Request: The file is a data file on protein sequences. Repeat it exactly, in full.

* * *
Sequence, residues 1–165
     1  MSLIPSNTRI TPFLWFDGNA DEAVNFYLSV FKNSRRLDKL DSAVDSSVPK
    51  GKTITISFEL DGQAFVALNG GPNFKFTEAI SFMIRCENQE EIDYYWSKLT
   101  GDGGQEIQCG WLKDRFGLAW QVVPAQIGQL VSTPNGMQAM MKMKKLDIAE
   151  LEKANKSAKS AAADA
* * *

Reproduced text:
Sequence, residues 1–165
     1  MSLIPSNTRI TPFLWFDGNA DEAVNFYLSV FKNSRRLDKL DSAVDSSVPK
    51  GKTITISFEL DGQAFVALNG GPNFKFTEAI SFMIRCENQE EIDYYWSKLT
   101  GDGGQEIQCG WLKDRFGLAW QVVPAQIGQL VSTPNGMQAM MKMKKLDIAE
   151  LEKANKSAKS AAADA